Wolfgang Van Halen has released You’re To Blame, the second single from his solo band, Mammoth WVH. The song, which can be streamed below, is taken from Mammoth WVH’s self-titled debut album, due on June 11th through Explorer1 Music Group/EX1 Records.

pre-order for Mammoth WVH is available in various configurations, including exclusive color vinyl as well as limited autographed copies, via the band’s online store. Fans that pre-order the album digitally will receive instant downloads of the single Distance (listen here) and The Howard Stern Show-premiered track You’re To Blame. Both songs will be available via all global digital streaming partners as well.

Mammoth WVH track listing:

1. Mr. Ed 
2. Horribly Right 
3. Epiphany 
4. Don’t Back Down 
5. Resolve
6. You’ll Be The One
7. Mammoth
8. Circles
9. The Big Picture
10. Think It Over
11. You’re To Blame
12. Feel
13. Stone
14. Distance (bonus track)

To coincide with the album announcement, Mammoth WVH will make its performance television debut for late night on Jimmy Kimmel Live! this evening and on NBC News’ Today on the morning of February 19th. The band comprised of Wolfgang Van Halen(guitars/vocals), Ronnie Ficarro (bass/vocals), Jon Jourdan (guitars/vocals), Frank Sidoris(guitars) and Garret Whitlock (drums) will perform Distance on each show. The band will debut the song this evening on Jimmy Kimmel Live! and then play an exclusive acoustic arrangement of the track in the 8:00 a.m. EST hour of Today on February 19th.

Mammoth WVH has also partnered with Twitter to commemorate the launch of the debut album. The social media platform has created a hashtag emoji from the band’s logo. Anyone who tweets using the hashtags #MammothWVH, #WolfgangVanHalen, #WolfVanHalen and #WVH will see the band’s oval logo pop up next to the tag. This integration is schedule to run through the end of March.

Distance is an open letter to Wolfgang’s father, declaring “no matter what the distance is, I will be with you.” The video for the song is created from a collection of family home movies through the years and offers an inside look in to one of music’s most notable personalities. Chronicling the family through the years, the video ends with a touching voicemail left from Eddie to his son.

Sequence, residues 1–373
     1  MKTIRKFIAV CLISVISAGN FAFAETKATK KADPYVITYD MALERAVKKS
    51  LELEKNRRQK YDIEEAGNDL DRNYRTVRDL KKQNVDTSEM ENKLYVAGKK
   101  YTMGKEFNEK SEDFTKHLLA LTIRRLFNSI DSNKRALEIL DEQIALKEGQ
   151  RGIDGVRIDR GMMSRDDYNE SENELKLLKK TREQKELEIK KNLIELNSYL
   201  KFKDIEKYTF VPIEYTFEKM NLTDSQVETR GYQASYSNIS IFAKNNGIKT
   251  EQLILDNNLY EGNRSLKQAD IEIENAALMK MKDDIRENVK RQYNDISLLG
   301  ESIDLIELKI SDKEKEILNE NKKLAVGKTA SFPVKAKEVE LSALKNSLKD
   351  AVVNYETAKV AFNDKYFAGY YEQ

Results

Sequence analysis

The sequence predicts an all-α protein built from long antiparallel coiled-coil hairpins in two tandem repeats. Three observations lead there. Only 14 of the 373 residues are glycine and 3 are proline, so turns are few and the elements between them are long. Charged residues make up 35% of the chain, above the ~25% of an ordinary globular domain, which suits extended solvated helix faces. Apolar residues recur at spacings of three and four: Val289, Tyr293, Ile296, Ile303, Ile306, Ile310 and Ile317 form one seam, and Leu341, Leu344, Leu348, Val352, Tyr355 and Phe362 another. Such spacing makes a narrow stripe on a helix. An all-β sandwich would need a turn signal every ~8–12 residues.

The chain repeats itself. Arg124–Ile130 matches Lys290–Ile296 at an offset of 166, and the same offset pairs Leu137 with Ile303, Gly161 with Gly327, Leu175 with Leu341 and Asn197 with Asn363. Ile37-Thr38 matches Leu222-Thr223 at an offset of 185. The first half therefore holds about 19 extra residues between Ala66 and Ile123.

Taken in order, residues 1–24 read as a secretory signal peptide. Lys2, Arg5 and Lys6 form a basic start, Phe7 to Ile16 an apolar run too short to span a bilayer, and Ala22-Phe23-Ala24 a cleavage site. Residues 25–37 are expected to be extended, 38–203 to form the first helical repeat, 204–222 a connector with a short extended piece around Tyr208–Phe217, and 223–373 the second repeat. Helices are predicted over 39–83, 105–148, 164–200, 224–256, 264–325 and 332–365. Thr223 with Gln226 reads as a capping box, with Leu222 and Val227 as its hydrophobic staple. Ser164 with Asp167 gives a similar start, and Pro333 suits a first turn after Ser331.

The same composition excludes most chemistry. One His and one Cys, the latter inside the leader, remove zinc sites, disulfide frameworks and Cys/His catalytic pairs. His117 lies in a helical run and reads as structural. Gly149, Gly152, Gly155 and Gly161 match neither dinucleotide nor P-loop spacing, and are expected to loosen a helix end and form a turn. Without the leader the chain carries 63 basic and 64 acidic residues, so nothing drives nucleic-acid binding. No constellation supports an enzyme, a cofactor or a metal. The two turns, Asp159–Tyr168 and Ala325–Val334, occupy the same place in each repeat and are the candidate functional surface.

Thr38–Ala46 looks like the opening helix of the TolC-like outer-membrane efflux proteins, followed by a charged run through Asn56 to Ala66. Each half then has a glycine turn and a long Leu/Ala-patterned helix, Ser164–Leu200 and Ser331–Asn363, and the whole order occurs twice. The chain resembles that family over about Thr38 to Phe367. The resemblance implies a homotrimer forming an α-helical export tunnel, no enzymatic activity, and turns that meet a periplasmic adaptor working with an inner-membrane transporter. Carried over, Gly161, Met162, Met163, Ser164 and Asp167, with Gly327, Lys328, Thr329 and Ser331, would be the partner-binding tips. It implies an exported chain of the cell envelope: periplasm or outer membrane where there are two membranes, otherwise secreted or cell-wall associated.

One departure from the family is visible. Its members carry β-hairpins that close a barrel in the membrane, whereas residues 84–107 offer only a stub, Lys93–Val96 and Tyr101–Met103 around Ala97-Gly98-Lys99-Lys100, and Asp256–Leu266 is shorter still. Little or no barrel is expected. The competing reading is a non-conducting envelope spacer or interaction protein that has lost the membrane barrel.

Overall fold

Connect with Mammoth WVH at: www.mammothwvh.com, facebook.com/MammothWVH, instagram.com/mammothwvh, twitter.com/Mammoth_WVH and youtube.com/channel.

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  • Dana on

    Initial thoughts, has elements of Rage Against The Machine and Tool.

    • Michael B on

      I hear Tremonti and Creed all over the chorus. A little RATM in the main riff.

      I love his voice. Such a great singer.

      It’s cool. I wish him well and hope he follows his artistic vision, whatever that may be. Nobody is asking me, but it would be cool to hear something less “commercial” in the future, but I don’t know what the rest of the album sounds like, and that’s just personal preference. Drums are pretty crispy and modern sounding, which I get, it’s what is acceptable today, but dulls out the performance, but then like I said, nobody asked me, and it’s just an internet opinion. He’s obviously a monster musician in his own right. I hope he can step outside the shadow of VH and do his thing, and I’d pay to see him live, if that ever happens again.

      He’s also in this bubble at this point where you’re feeling for him because of the horrible loss of his father, which is just gut wrenching, so all these songs are/will be measured against that event.

      It that is the cover of the album, it’s odd he picked art used by another band already.

    • Dana on


      Whose cover art is it?

    • Charles Clinchot on

      Well, considering Wolfie likes Tool I can hear it. I haven’t heard much Rage, but I like it. He’s a great singer and I’m sure Eddie looking down and very proud. Proving the Van Halens have rock in their DNA.

    • Dana on

      No doubt, he is a true progeny of his father.

  • D.J.H on

    I actually heard this a couple of months back on YouTube after Wolf went on the Howard Stern show. I quite like it to be honest with you.

    I’m interested to hear the whole album because it’s not going to sound like VH.

    I’m sure there will be some fans who will complain that it doesn’t or that Wolf doesn’t do any of the two-hand tapping pyrotechnics like his father; but that’s the point…..

    He’s not Eddie – he’s Wolfgang.

    Although saying that, I think it’s safe to say he’s got some very good musical genes!

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